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SONNETS.
[the Gains Of Restraint.]

Nuns fret not at their convent's narrow room;

And hermits are contented with their cells;

And students with their pensive citadels;

Maids at the wheel, the weaver at his loom,

Sit blithe and happy; bees that soar for bloom,

High as the highest Peak of Furness-fells,

Will murmur by the hour in foxglove bells:

In truth the prison, unto which we doom

Ourselves, no prison is: and hence for me,

In sundry moods, 'twas pastime to be bound

Within the Sonnet's scanty plot of ground;

Pleased if some Souls (for such there needs must be)

Who have felt the weight of too much liberty,

Should find brief solace there, as I have found.

[on The Beach At Calais.]

It is a beauteous evening, calm and free;

The holy time is quiet as a Nun

Breathless with adoration; the broad sun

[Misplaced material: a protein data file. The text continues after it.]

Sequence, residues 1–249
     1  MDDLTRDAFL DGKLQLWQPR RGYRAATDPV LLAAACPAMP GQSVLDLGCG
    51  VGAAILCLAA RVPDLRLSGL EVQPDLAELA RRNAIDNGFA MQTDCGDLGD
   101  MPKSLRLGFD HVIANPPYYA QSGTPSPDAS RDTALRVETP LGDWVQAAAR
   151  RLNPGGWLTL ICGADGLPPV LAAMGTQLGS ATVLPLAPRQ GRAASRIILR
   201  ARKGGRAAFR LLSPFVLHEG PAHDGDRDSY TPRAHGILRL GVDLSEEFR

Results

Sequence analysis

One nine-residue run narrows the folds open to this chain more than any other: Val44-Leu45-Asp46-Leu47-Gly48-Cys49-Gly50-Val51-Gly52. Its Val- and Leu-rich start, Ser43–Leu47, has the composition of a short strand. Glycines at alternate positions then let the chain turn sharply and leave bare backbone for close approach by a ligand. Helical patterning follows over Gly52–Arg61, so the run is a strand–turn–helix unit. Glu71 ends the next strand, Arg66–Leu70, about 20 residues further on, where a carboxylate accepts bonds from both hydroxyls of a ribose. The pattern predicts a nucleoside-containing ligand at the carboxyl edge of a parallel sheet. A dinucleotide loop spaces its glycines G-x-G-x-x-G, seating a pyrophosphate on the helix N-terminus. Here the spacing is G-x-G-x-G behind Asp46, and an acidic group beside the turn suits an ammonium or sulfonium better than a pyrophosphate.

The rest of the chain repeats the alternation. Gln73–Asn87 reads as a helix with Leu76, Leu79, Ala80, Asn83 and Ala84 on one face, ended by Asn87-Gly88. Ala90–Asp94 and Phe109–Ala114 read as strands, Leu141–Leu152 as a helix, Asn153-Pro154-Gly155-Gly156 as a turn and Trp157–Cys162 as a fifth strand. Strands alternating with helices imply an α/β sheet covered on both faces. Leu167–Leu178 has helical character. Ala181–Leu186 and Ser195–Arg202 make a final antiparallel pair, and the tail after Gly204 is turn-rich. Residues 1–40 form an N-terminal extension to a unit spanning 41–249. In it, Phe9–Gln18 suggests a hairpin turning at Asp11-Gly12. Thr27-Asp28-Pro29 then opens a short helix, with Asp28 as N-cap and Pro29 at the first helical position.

Is sinking down in its tranquillity;

The gentleness of heaven broods o'er the Sea:

Lbten! the mighty Being is awake,

And doth with his eternal motion make

A sound like thunder—everlastingly.

Dear Child! dear Girl! that walkest with me here,

If thou appear untouched by solemn thought,

Thy nature is not therefore less divine:

Thou liest in Abraham's bosom all the year;

And worship'st at the Temple's inner -shrine,

God being with thee when we know it not.

(1802.I

Composed Upon Westminster Bridge, Sept. 3, 1802 [? 1803].

Earth has not any thing to show more fair:

Dull would he be of soul who could pass by

A sight so touching in its majesty:

This City now doth, like a garment, wear

The beauty of the morning; silent, bare,

Ships, towers, domes, theatres, and temples lie

Open unto the fields, and to the sky;

All bright and glittering in the smokeless air.

Never did sun more beautifully steep

In his first splendour, valley, rock, or hill;

Ne'er saw I, never felt, a calm so deep!

The river glideth at his own sweet will:

Dear God! the very houses seem asleep;

And all that mighty heart is lying still!

Thought Of A Briton On The Subjugation Of
Switzerland.

Two Voices are there; one is of the sea,

One of the mountains; each a mighty Voice:

In both from age to age thou didst rejoice,

They were thy chosen music, Liberty!